Since the mid-'80s, John Petkovic has played in local bands like Death of Samantha and Cobra Verde. He's also a longtime entertainment writer for The Plain Dealer. But the skinny, curly-topped leader of Sweet Apple needs no introduction. Mainly because there's no time for one. His gruff, nicotine-stained voice races forward breathlessly, like a chase scene kicking off a Bourne movie.
But in late 2008, everything came crashing down. Within three months he lost two close friends to illness and his mother died after a lengthy battle with cancer. Even music had abandoned Petkovic, thanks to lingering ligament damage in his hand, which prevented him from finding his usual release. "I had a million problems all at once," he recalls. "It was just a disaster all the way around. I couldn't play guitar. I couldn't really do much of anything."
Chain-smoking his way through three packs a day, Petkovic took off like a character from a Springsteen song, chewing up miles of asphalt with no direction or destination. "Some people use the word 'transcend,' others use the word 'escape,'" he says. "By and large, none of us can transcend, so we better settle for escape. Driving is a great form of engaging in the world as an observer, because you have a windshield, and you can see ahead of you and behind you, yet you're also isolated."
About 400 miles into the ride, friend Dave Sweetapple called, asking how things were in Cleveland. "I'm not in Cleveland," Petkovic told him, and soon he was on his way to Vermont, where Sweetapple and another friend, Dinosaur Jr.'s J. Mascis, consoled their grieving buddy. Stumped about what to say to this broken, smoke-breathing faucet, they offered the only succor people like them truly know: "Let's start a band," they told him.
"I came up with three songs on the way home," recalls Petkovic. He'd write 22 more in the next three weeks with Cobra Verde guitarist (and Sweet Apple bandmate) Tim Parnin. It was a lot, even by his prolific standards. "I just pick up a guitar, and it's like I have brains in my fingers, because I'm not even thinking, and my fingers are just doing it for me. I came up with almost all the tunes in about as long as the songs are."
Petkovic reconnected a few months later, with Mascis on drums and Sweetapple (who plays in the band Witch with Mascis) on bass, recording their debut album, Love & Desperation, with few expectations. They didn't even have a name when a label expressed interest, forcing them to come up with something. Mascis initially suggested Heavy Blanket; Sweetapple offered Christ. They settled on Sweet Apple. "J. thought it would make Dave feel uncomfortable," recalls Petkovic. "He'll say, 'Hi, I'm Dave from Sweet Apple and they'll be, 'What? I thought you said your name was Dave Sweetapple.'"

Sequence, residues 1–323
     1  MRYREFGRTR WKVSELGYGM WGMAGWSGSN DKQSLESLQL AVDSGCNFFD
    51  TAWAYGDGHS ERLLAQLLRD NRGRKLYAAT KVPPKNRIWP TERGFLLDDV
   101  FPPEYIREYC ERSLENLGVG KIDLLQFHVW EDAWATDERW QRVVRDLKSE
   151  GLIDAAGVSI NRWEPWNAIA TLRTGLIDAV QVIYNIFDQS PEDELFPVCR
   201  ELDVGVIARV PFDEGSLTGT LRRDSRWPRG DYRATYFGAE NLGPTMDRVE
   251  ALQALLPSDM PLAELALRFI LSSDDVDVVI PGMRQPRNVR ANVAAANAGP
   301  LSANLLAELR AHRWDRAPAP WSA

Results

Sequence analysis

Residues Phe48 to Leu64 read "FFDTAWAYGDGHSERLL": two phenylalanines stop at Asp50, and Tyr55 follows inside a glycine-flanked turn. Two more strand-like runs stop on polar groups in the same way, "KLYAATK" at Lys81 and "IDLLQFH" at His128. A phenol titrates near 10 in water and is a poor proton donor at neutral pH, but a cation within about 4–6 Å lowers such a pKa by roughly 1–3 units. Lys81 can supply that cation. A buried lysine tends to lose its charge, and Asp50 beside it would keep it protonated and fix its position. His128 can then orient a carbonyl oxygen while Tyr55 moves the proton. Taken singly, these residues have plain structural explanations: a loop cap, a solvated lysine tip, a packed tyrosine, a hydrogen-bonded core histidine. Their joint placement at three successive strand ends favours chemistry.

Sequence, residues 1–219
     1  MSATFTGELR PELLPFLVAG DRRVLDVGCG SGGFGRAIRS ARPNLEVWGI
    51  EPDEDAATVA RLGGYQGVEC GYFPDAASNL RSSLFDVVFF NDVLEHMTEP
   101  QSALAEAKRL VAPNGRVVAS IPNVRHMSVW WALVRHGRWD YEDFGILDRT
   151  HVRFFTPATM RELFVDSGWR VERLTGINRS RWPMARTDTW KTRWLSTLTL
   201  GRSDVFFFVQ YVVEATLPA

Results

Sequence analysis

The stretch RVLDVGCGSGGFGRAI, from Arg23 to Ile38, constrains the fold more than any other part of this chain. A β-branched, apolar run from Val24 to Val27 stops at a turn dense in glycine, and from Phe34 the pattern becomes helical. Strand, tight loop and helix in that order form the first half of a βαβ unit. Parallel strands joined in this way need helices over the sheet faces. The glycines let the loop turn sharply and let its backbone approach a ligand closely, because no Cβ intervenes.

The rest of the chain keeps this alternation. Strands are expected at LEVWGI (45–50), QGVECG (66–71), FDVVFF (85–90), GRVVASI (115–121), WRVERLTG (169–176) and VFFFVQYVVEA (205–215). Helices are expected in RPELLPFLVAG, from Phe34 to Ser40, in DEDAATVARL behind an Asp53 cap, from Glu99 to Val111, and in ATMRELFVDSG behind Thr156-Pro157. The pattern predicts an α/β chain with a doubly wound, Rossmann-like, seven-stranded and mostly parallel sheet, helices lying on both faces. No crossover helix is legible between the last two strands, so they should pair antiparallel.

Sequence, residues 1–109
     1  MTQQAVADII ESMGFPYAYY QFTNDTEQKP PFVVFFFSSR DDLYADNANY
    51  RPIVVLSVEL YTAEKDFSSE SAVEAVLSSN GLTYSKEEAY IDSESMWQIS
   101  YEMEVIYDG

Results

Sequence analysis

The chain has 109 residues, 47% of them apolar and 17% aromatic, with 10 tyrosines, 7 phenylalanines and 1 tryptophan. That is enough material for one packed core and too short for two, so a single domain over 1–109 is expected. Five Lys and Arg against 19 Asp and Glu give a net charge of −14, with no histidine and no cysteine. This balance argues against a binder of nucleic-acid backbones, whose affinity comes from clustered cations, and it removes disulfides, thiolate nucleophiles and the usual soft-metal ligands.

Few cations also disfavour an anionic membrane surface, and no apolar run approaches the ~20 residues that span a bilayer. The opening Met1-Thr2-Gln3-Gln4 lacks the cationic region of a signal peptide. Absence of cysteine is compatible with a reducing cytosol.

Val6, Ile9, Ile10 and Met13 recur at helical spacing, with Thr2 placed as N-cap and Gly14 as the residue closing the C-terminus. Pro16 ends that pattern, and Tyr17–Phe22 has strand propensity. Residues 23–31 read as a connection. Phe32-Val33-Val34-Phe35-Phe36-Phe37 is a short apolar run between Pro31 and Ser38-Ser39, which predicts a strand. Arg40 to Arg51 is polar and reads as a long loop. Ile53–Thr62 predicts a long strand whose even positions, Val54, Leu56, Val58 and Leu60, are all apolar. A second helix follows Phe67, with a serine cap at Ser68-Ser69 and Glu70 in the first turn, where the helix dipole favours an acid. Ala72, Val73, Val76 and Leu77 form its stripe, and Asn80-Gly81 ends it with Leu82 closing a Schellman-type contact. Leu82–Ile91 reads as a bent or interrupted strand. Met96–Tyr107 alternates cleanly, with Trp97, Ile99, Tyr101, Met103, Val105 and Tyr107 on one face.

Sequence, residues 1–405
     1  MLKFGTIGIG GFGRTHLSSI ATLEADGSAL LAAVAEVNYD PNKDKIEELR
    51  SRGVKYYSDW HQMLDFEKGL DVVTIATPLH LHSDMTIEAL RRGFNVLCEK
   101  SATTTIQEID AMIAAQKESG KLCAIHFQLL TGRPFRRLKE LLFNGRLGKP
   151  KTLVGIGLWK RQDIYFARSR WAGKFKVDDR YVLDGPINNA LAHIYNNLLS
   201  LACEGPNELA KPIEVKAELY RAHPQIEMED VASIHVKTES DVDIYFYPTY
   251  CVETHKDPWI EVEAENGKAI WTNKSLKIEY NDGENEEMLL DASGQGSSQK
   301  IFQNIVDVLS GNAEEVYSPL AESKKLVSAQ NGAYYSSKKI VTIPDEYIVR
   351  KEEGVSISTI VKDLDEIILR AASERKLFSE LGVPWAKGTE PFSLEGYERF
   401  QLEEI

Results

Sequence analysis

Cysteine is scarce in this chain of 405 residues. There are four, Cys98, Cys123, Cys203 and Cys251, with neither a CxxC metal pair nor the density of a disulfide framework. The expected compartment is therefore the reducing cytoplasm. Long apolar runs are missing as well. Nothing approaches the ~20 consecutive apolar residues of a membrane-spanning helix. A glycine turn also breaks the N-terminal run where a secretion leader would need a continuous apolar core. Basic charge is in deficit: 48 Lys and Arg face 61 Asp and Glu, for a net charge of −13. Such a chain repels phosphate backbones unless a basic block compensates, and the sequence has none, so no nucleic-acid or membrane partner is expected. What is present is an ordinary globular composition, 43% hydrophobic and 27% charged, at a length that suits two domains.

Their efforts resulted in a blast of classic-rock boogie hewn by '80s alt-rock concision. Nearly every song on Love & Desperation stops short of three and a half minutes, propelled by indefatigable energy. The greasy grooves and brawny riffs stake out territory ranging from chunky Vanilla Fudge-flavored blues-psych ("Flying Up a Mountain") and Dolls'ed-up glam ("Somebody Else's Problem") to Foo Fighters-style anthems ("Do You Remember") and jangly college rock ("Goodnight"). Despite the moribund titles ("Hold Me, I'm Dying," "Dead Moon," "Crawling Over Bodies"), it's not a downbeat album so much as a vehicle roaring toward the light at the tunnel's end.
Petkovic is surprised by the attention the project has attracted. Since its release a couple of months ago, the band has received positive buzz and solid gigs, including a Brooklyn show at Rachael Ray's house. (And, yes, the food was great.) There have been offers to tour in Europe, Australia, and Japan.
Petkovic is keeping busy. He's now finishing the mixing on a new project with Black Keys drummer Pat Carney, tentatively titled Sad Planets. Cobra Verde are also still active (they just played a local show two weeks ago). Petkovic has no patience for artists who complain about the music biz's downturn. He remembers the '80s, when most bands started without expectations of making money. "You hear people crying the blues about how this is so tough, and yet you have millions of bands," he says. "Maybe it should get tougher. Maybe we need some Darwinism to come down on the ass of all these bands to separate the wheat from the chaff."
Toward the end of our interview, Petkovic pauses for a moment to reflect on the events of the past 18 months. "Maybe everything is a trial in life," he says. "I guess it's wrong calling it a trial. That's just how life is."
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